The miles mounted in that way, one after the other, in silence, each man alone with his thoughts, Sari occasionally moaning in a fever dream. There was no more companionable conversation at rest breaks, no more shared speculation as to who the enemy might be or what he might be doing. They simply walked on.
Julin was obviously limping now. Blood had begun to seep through the dressing on his leg. At one of the rest breaks, Cottack tried to look at Julin’s leg, but Julin shoved him away. “I know what’s wrong with it,” he growled. He tore a strip of damp cloth from his already-torn pant leg, discarded the old dressing, and bound the wound. He stood shakily to his feet.
“Pick it up,” said Kolteo.
Julin glared. “Pick what up?”
Kolteo indicated the discarded dressing.
Julin bent and snatched it up with a scowl, stuffed it into his pocket, and started walking. The Enforcers exchanged glances, then looked at Kolteo.
“Let’s go,” he said.
They rose and plodded on.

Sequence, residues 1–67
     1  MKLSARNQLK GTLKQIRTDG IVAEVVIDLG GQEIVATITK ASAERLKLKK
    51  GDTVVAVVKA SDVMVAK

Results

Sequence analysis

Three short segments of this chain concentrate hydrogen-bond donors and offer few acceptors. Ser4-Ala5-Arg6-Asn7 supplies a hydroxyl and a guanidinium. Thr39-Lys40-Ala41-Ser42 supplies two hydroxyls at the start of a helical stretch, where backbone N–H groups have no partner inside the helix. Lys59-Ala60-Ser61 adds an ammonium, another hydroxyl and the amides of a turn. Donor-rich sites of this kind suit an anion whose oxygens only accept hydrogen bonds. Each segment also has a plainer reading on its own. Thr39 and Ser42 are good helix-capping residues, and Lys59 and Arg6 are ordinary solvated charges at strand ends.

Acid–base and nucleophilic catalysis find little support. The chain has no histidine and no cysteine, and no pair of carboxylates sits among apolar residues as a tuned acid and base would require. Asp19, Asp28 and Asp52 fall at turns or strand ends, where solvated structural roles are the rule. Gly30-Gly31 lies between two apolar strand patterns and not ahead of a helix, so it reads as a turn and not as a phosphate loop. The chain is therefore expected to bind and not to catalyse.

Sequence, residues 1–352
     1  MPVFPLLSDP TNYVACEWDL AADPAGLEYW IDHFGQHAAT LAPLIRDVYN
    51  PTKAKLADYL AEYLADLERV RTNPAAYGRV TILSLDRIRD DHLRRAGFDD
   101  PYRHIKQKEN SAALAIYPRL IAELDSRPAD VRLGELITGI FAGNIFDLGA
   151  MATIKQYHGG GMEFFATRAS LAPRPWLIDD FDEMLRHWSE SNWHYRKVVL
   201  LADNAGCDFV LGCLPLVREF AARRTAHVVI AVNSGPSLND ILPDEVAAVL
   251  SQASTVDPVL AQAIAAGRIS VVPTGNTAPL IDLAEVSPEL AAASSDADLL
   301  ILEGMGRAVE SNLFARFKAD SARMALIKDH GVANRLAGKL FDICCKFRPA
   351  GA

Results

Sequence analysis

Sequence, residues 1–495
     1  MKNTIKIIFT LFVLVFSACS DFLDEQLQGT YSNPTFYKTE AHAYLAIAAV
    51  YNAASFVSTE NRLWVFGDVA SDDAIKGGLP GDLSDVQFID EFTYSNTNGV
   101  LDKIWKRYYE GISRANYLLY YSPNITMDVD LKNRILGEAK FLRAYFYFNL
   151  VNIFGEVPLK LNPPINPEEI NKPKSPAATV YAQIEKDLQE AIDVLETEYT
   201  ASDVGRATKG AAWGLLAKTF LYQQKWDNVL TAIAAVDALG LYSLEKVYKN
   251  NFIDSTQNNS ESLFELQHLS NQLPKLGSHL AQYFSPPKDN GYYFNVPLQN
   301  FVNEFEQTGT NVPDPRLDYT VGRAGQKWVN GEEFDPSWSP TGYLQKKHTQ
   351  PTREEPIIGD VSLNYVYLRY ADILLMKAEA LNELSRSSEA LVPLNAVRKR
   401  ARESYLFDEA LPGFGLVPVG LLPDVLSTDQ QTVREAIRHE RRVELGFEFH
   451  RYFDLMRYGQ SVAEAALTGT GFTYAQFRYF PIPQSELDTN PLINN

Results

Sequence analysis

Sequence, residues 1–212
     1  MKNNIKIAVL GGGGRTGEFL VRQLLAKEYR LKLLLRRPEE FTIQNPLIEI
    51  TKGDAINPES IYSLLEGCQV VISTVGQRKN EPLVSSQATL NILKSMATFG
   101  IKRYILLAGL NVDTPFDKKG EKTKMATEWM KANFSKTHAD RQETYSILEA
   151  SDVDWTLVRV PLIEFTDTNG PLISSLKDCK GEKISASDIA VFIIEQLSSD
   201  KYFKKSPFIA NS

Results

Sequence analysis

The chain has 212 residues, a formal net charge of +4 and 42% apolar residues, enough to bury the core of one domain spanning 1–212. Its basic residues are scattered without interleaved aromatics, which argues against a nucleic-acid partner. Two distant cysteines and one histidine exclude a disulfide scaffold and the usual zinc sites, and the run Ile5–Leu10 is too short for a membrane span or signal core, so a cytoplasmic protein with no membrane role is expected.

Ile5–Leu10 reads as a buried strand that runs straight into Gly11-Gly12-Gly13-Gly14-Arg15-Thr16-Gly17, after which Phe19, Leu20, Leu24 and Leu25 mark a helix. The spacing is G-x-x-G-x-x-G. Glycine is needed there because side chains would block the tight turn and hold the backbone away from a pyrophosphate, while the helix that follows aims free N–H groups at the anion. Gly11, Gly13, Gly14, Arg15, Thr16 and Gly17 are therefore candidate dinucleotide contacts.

Finally, up ahead, Julin called out, “There it is.” He pointed to an odd chalk mark at a tunnel intersection. “We’re almost there.”
Shortly they approached a blast door that was most definitely out of place.
Julin raised his hand to call a halt and flashed a wan grin at the others. “He’s not going to be happy to see me, but I have an idea. Cottack and I will take Sari. The rest of you, around the corner. Here’s what we’ll do.”
Julin and Cottack stood before the blast door, supporting Sari between them. Cottack still carried his armor plates slung over his shoulder.
Julin knocked a pattern on the door. They waited.
After a minute, the blast door raised suddenly with a whoosh. A slim figure appeared.